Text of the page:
• Twist and lock braces for stability and your safety.
  • Horizontal and diagonal braces fit the outside of the frame for more room on the platform.
  • Weighs 24.5kg so is relatively lightweight.
  • Compact storage size of 2m x 0.66m x 0.2m can fit into a garden shed or the corner of a garage.
  • The manufacturer has ISO2001 accreditation so its products meet strict engineering quality standards.


  • Misleading product description; the tower is 4m tall; 5m is the reach height when you’re standing on it (if you’re 2m in height).
  • You’ll need help putting it together and taking it down.
  • Assembly instructions are just diagrams, no written instructions; some may find them a little difficult to follow.

Our recommendation

If you’re looking for a solution to height problems in your home and garden DIY projects then the BPS Access Solutions 5m DIY Aluminium Scaffold Tower is definitely worth a look. You can reach up to 5m when you’re standing on the platform at its fullest extent, so you can paint your second storey window frames, although you won’t be able to reach to clean out the eaves.

The smooth anodised superior grade aluminium of this scaffold tower means that you can cover it and leave it outside all year long because it won’t rust. Several online reviewers have dismantled it into just several pieces rather than all the way, wrapped it in plastic and left it behind their garage or garden shed in the winter.

When assembling the BPS 5m tower, especially for the first time, you are on your own as reviewers have reported that you receive a set of diagrams but no instructions. Several individuals found that looking at photos of the tower helped them with the task. In addition, people have also reported that this scaffold tower is a little unsteady when fully assembled, especially if it’s not on a completely flat surface, for example, outside the house. Reviewers have come up with solutions that include attaching wires to the tower and then to bolts in the walls of their home or using guy ropes and pegs on the lawn.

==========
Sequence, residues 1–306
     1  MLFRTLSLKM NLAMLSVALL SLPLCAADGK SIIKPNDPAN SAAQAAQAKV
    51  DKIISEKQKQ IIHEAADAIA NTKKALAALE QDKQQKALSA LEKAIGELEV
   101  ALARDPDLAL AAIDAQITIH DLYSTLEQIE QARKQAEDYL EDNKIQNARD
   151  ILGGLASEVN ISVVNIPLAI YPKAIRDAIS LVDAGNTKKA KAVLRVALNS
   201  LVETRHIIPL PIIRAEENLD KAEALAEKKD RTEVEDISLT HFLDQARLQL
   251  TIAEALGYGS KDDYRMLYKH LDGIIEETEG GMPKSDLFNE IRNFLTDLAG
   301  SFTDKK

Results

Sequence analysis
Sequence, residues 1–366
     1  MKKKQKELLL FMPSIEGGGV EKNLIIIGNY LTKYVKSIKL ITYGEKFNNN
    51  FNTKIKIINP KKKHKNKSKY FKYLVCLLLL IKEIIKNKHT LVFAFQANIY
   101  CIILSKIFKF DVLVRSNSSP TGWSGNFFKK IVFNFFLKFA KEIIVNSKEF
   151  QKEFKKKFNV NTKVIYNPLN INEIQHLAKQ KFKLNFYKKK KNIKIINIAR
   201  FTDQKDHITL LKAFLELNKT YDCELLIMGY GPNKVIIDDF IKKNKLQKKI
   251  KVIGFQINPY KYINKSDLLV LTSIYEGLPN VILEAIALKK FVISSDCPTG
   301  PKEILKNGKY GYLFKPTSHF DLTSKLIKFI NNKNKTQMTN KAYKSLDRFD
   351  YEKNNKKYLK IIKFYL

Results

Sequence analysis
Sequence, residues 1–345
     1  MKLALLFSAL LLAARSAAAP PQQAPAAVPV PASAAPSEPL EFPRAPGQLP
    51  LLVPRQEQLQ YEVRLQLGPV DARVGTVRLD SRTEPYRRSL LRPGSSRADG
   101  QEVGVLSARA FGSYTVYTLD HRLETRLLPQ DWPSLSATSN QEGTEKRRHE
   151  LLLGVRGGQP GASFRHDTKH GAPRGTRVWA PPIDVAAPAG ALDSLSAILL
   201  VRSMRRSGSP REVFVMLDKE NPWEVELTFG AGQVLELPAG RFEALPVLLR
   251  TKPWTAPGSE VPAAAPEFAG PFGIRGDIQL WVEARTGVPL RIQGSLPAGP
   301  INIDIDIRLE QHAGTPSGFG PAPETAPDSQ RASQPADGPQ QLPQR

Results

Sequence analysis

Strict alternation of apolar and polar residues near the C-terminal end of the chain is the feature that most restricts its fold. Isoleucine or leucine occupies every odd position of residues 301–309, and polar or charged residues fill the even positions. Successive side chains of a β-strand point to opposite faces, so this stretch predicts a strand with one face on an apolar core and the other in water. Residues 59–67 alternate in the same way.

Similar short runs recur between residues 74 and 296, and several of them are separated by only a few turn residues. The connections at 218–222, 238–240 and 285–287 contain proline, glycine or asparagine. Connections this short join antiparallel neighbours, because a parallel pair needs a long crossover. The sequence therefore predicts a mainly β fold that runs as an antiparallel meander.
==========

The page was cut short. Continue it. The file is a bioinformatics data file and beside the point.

Finally, as we talk about in our Buyer’s Guide, be aware of what the heights actually mean. The maximum platform height is 3m and the tower is 4m tall. The 5m refers to the reach if a 2m tall person is working on the tower. Always read the details from the manufacturer. 

For its quality and usefulness for general home and garden DIY tasks, the BPS Access Solutions 5m DIY Aluminium Scaffold Tower is our Best Pick for Scaffold Tower.

2. Top Tower Classic 6.3m (WH) DIY Galvanised Scaffold Tower & Boards (20’9″ x 4′ x 2’6″ Base) 


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Top Tower Classic 6.3m (WH) DIY Galvanised Scaffold Tower & Boards

If you’re knowledgeable about scaffold towers and know what you want in yours, then take a look at the Top Tower Classic 6.3m (WH) DIY Galvanised Scaffold Tower & Boards. This scaffold tower comes as a basic unit and you purchase everything else you want separately. Customise your tower to your project requirements or the worksite circumstances without purchasing features that you’ll never use.

The Top Tower Classic 6.3m is just one of a set of scaffold towers with a range of base sizes and heights. The first step of your customisation process is to decide what size base and height you need. The Classic 6.3m maximum platform height is 4.3m and the reach is 6.3m. The base size of the model we review here is 1.21m by 80cm. The range of base sizes available also includes 1.21m x 1.21m, 1.21m x 1.82m and 1.82m x 80cm. Whatever size you choose, the manufacturer recommends that the scaffold tower be tied to a building for stability and safety.

The basic classic tower comes with the frame, base rails for stability, horizontal braces, base plates and single handrails. It also comes with platform boards. 

You’ll notice that there aren’t any pieces to ensure full stability in the base package; the base rails aren’t enough. The manufacturer recommends that you purchase at least a pair of stabilisers as well as tie the tower to a building. To ensure the most stability, buy the optional safety pack that includes the stabilisers, a tower stand-off, double handrail frames and a double handrail. Note that this is an upgrade package that will replace the lower quality items in the base pack and that you will need to buy it at the time you purchase the tower.

With just the basic classic tower, there’s no way to climb up to the platform so you’ll need to use a ladder. But it’s safer to purchase the optional ladder attachment that fits inside the tower frame. Toe boards are another safety feature that you may need, they go around the platform and prevent things from falling off it.

If you want a mobile scaffold tower, purchase the standard castors for wheeling it around on flat surfaces. If your job site is uneven or on the sloping ground (maybe even a roof), you may want to consider the adjustable castors (mobile) or adjustable bases (stationary). 


  • The maximum platform height is 4.3m; the reach height when you’re on the platform is 6.3m.
  • The frame is made of rust-resistant pre-galvanised steel for long-term durability.
  • Base plates (for each leg) are supplied for extra stability.
  • Weighs 78kg so it’s quite heavy.
  • 200kg working load can handle heavy equipment.
  • Must be securely tied to a building for stability so it’s not stand-alone.
  • Customisable to different terrains and projects through optional accessories.